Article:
Background: The prevalence of adrenal hyperandrogenism (AH), as defined by
increased circulating dehydroepiandrosterone-sulfate (DHEAS) levels, ranges from 15 to
45% in women with polycystic ovary syndrome (PCOS).
Methods: The aim of this review is to update the pathogenesis and consequences of AH in
PCOS, from molecular genetics to the clinical setting.
Results: Mounting evidence derived from animal models suggests that genetically or enviromentally
determined prenatal androgen excess, by influencing the hormonal and metabolic
phenotype of susceptible female fetuses later in life, may be the capital event for the development
of AH in PCOS. Because human placental aromatase activity is likely to prevent any
deleterious effect of maternal hyperandrogenemia on the fetus, inheritance of the maternal
steroidogenic defect is the more likely culprit, even though other factors such as changes in
placental steroidogenesis itself or its nutritional efflux may also be involved in the building a
deregulated enzymatic pathway from utero to adult life. Anyhow, the most important issue is whether or not AH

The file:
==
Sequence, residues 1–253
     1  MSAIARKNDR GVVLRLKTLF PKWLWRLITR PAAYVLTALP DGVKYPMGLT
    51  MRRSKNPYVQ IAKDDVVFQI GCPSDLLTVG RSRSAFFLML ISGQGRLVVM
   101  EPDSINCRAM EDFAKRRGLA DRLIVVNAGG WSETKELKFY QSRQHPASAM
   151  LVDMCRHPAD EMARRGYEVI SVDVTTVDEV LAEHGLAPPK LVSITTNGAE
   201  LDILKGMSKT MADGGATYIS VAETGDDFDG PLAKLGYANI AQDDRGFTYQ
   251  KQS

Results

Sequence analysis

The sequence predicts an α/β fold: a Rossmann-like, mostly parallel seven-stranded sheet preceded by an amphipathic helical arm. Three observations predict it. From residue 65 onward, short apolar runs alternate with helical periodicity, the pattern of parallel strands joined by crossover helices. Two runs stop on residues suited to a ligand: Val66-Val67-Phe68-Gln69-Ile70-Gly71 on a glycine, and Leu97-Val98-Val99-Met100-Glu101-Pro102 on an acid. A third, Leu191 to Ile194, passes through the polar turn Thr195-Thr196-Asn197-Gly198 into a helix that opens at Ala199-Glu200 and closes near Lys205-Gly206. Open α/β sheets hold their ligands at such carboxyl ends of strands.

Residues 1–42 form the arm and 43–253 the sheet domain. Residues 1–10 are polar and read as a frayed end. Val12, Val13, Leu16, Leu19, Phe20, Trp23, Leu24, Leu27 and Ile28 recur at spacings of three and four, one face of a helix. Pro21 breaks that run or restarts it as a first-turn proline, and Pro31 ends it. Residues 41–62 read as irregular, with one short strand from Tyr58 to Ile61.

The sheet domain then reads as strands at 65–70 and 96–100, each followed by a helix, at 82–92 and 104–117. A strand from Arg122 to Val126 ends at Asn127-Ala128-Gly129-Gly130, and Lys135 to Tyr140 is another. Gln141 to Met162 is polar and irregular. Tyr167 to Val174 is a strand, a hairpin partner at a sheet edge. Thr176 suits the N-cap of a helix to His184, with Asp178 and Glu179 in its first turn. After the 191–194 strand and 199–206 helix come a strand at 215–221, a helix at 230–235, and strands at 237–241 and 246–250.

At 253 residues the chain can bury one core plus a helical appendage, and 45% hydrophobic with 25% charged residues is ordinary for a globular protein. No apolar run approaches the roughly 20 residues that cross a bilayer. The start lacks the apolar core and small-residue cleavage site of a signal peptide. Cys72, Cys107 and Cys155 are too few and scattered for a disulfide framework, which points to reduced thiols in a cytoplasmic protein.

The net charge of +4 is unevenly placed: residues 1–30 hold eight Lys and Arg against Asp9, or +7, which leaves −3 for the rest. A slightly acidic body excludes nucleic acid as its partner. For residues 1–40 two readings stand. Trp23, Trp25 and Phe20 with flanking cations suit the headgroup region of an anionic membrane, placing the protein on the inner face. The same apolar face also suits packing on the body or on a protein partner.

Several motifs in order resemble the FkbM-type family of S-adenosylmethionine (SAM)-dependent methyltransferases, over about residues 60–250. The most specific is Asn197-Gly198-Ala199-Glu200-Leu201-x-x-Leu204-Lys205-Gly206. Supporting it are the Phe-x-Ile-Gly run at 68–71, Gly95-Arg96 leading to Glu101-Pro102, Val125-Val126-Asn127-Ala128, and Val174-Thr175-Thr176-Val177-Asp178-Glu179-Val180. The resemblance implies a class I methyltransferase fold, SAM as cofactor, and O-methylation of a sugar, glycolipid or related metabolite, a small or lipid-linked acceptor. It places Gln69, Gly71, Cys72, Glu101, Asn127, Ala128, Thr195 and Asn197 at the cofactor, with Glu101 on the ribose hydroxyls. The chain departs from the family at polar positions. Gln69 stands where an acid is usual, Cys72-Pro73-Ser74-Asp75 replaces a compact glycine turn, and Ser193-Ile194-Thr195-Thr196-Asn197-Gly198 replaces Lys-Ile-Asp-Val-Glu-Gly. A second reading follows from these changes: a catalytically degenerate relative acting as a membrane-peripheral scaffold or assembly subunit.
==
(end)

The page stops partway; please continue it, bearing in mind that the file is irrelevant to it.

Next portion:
influences the cardiometabolic risk of women with PCOS. On the one hand, AH has shown a controversial relationship
with carbohydrate metabolism and adiposity, and is also associated with abnormalities in blood pressure
regulation in these patients. On the other hand, DHEAS may exert a beneficial effect on the lipid profile of both
lean and obese patients. Lastly, available studies in women with PCOS cast doubt upon a protective role of
DHEAS levels on subclinical atherosclerosis, despite opposite data from the general population.
Conclusion: AH is frequent in patients with PCOS yet unraveling its consequences for the management of this
disorder requires future longitudinal studies.